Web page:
Osteoarthritis (OA) is the most common form of arthritis in the US. OA is often referred to as “wear and tear” arthritis or degenerative joint disease. Osteoarthritis patients are mostly affected in the hands, hips and knees, experiencing pain, aching, stiffness, decreased range of motion and swelling.
Osteoarthritis is estimated to affect over 30 million people in the Unites States alone,* this equals almost 1 in every 10 people dealing with the painful effects of arthritis. The sheer number of people demonstrates why we need more research funding devoted to finding an arthritis cure.
As a degenerative joint disease, OA over time, causes inflammation and loss of cartilage in the joints. OA causes inflexibility, pain and stiffness, and is primarily felt in weight-bearing joints such as the knees, hips and spine. It can, however, occur in any joint. Unlike systemic, autoimmune forms of arthritis (Lupus, Rheumatoid Arthritis), Osteoarthritis does NOT affect organs in the body.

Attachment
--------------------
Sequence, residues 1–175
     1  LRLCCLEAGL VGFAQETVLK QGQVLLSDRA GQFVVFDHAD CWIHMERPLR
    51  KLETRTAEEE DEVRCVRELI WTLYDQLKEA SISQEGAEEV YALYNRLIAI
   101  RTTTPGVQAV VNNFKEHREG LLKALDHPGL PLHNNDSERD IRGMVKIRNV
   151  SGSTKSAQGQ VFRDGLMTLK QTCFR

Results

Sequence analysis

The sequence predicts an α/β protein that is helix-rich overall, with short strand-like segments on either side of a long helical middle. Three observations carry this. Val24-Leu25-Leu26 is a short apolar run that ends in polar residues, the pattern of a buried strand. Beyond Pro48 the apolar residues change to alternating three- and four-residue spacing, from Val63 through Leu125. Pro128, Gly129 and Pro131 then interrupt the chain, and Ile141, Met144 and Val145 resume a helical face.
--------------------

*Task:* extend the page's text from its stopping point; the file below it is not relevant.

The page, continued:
Iceland has very low levels of osteoarthritis, arterial and heart disease, in their country. They say this is due to their lifestyles especially their reliance on fish. Oily fish is the richest source of Omega 3 and you can also find it in walnut oil, flaxseed oil, and fish oils.
Osteoarthritis has been intensively studied within the field of palaeopathology. For decades there was assumed to be a direct link between activity and the development of osteoarthritis, and this was reflected in the work which was carried out, with often very specific interpretations of occupation and activity on the basis of the diagnosis of osteoarthritis. There has been a great deal of work in this field in Iceland, where the genetic link to hip, hand, and to a lesser extent knee osteoarthritis has been demonstrated, with the identification of several osteoarthritis families within the population.